Researchers Using Bluetooth-enabled Devices to Detect Fermentation Process

Electrochemical reactions that occur in processes like ethanolic fermentation embrace the transformation of sugars into alcohol and carbon dioxide. Similar processes happen when the human body breaks down meals, medicine, or other compounds.

Monitoring these metabolic processes helps in testing, studying, and combating illness; however, due to the small portions of liquids involved, they’re troublesome to review with regular equipment.

Miniaturizing gadgets with environmental sensing capabilities offers promise for better testing of fermentation and other biochemical processes. The flexibility to operate the gadgets wirelessly over long periods of time increases their effectiveness.

In a paper revealed this week in Review of Scientific Devices, a miniaturized potentiostat, which controls voltage between electrodes, proved able to quantifying molecules using voltammetric and chronoamperometric strategies with the 98% accuracy. The wireless machine is compatible with most 3-electrode biosensors and can transmit its measurements through Bluetooth for 100 meters.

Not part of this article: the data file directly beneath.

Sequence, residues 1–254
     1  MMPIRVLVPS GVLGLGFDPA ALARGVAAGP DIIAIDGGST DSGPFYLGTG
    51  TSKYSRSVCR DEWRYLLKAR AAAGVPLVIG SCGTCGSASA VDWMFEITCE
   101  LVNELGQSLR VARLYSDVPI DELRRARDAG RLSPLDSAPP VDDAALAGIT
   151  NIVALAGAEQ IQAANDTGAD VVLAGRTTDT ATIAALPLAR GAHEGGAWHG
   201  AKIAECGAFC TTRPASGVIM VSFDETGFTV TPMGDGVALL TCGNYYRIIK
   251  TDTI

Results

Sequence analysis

The potentiostat was tested to substantiate its performance under fixed-resistance and quantify the current detection limits and noise in the system, in addition to its accuracy and response time.

Experiments confirmed a current detection limit of 180 nano amperes and a plus or minus 2% standard deviation in cyclic voltammetry measurement. In addition, they performed an experiment involving six different concentrations of glucose, utilizing a chronoamperometry technique.

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